Sometimes all one can
do is turn one’s shovel
sideways and insist on
digging a pit with an exit.



The shadow of the vulture passes quickly—
much more quickly than the body passes
when I look at it directly, and so I will

avoid the usual understandings in which
we might discuss a vulture or its shadow
(as emblems of death…there, I’ve said it)

to mention how illusory the shadow is:
merely a dimming of grass, pavement.
However many times you reach your

aging hand out to it, you never touch
anything like a buzzard’s feathers.
But if you look at the right moment,

you see a bird, beyond the bird, the sun,
and if you return to yourself as if in a mirror,
then and only then has our conversation begun.


Willows Weep Not

Young Willow Tree

Willows Weep Not

They say some branches bend toward
earth in sadness, but can we not see
in you curiosity—oh, willow tree—
or a desire to rest your splendor as
peacocks do? The plummet of your
boughs could indicate any number of
moods and so many intentions. If I had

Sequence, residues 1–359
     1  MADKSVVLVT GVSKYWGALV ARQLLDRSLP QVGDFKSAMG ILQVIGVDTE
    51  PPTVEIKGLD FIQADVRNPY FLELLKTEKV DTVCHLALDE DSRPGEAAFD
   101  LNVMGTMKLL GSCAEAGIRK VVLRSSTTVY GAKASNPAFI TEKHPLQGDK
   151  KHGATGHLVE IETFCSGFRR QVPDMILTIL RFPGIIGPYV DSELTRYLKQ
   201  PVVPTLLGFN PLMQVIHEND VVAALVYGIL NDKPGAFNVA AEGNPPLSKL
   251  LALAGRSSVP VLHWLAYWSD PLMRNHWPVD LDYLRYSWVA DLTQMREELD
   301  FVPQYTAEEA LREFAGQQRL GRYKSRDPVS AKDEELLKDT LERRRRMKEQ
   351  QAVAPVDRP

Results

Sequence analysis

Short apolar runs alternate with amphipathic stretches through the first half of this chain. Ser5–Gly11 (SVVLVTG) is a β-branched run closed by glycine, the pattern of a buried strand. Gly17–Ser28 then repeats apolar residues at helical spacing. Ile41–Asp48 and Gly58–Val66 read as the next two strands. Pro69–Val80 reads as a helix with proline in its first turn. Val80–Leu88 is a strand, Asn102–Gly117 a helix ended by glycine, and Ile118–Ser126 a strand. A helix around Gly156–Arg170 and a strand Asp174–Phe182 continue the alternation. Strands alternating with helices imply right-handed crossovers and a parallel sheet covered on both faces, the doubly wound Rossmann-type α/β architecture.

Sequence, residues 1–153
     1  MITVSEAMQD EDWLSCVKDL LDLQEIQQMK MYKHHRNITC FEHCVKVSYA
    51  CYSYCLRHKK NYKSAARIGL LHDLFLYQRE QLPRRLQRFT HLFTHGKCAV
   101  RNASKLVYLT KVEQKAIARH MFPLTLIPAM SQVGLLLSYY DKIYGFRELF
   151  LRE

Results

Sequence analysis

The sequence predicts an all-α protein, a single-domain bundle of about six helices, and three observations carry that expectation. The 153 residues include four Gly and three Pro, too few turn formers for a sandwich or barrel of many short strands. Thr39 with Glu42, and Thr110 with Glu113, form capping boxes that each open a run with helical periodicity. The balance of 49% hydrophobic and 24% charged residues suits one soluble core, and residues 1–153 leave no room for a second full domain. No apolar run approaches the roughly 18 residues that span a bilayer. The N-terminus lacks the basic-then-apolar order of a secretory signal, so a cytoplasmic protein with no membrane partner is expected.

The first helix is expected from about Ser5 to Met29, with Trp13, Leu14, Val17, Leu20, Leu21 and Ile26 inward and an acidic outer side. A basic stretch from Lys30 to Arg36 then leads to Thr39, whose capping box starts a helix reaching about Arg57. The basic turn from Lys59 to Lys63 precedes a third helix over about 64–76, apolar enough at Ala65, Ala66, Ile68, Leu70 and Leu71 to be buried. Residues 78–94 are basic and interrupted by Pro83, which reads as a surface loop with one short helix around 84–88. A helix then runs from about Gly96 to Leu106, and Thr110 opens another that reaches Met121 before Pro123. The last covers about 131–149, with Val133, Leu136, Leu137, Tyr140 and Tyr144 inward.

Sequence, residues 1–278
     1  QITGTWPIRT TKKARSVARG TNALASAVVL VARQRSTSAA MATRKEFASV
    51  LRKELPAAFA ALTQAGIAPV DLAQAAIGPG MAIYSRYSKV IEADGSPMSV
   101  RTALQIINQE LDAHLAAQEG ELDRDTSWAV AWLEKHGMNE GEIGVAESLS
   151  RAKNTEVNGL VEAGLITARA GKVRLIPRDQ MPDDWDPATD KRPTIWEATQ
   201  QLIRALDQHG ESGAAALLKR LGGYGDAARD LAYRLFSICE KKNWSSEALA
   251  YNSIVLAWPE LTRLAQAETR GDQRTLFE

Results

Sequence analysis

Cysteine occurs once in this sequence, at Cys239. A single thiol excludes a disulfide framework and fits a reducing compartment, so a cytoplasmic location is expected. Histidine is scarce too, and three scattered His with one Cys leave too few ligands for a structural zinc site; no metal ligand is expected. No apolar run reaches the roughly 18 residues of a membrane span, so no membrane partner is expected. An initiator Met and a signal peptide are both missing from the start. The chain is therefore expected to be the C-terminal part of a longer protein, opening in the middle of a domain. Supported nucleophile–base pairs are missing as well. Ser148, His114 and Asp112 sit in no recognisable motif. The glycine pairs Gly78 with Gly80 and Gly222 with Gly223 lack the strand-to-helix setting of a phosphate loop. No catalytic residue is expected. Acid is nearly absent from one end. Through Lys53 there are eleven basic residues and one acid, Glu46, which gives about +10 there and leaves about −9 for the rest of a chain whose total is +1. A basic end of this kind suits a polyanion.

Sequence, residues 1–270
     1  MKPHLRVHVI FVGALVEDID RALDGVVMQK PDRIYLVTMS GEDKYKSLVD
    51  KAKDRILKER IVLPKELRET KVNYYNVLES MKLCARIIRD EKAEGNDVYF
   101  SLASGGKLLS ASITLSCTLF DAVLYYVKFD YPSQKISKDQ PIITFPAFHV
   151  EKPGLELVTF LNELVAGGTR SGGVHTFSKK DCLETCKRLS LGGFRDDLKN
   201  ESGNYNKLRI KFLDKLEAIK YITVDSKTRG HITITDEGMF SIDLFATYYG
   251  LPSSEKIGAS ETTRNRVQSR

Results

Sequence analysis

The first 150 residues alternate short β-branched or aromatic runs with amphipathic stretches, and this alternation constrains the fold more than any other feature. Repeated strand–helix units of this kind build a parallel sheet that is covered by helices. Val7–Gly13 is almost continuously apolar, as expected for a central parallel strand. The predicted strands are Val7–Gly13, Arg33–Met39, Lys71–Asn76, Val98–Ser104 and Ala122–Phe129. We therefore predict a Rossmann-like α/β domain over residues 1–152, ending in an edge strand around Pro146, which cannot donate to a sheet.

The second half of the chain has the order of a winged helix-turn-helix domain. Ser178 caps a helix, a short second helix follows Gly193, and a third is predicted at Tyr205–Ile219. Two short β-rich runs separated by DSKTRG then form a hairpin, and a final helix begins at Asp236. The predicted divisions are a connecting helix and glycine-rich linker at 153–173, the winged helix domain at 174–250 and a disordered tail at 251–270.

the body of a tree, I would surely want
to lower my limbs to carry caterpillars
while they’re yet crawling, to welcome
the activity of tiny, momentary legs on
my bark before chrysalis transforms
climbing into an airy affair. I would not
want to keep my foliage so far from
grounded things. Why do we not name
these or other understandings which you
embody as much as that of weeping?
We do not hear you sob or whimper or
wail with the working of some injury.
Still, we say you weep—that the sadness
of the world should belong to a tree.
Yet if there is sadness, it must grow from
the capacity to see in your firework form
anything but an explosion of life and in
your leaves a beautiful intricacy.

Young Willow Branches


The Names of Herbs

Three Herbs

The Names of Herbs

The names of herbs encrypt the sensual
realms accessed by way of their aromas,
secreting vast odoriferous spaces behind
five or seven letters. “Basil” becomes
wooded streams banked by lichen-covered
stones or rusty-hinged gates hung with ivy.
“Oregano” grows into busy marketplaces
made of brick or tall ships laden with
fabrics and perfume. “Rosemary” reveals
meadows inhabited by iridescent insects or
attics full of dust motes and piles of quilts.
We stir these realms away into soups and
ragouts, sprinkle bits of them onto bread.
Maybe—for a kitchen moment—one might
catch a nose-glimpse and be transported.



Apple in a Field


A seed is a question
that knows its own
ready to be told;
is a parchment
that’s written its own
history—all there—
ready to unfold;
is a treasure
that’s forgotten its own
ready to be disclosed.

Then—when the
moment ripens—
plant, fruit, cider—
offer themselves to those
who have waited patiently.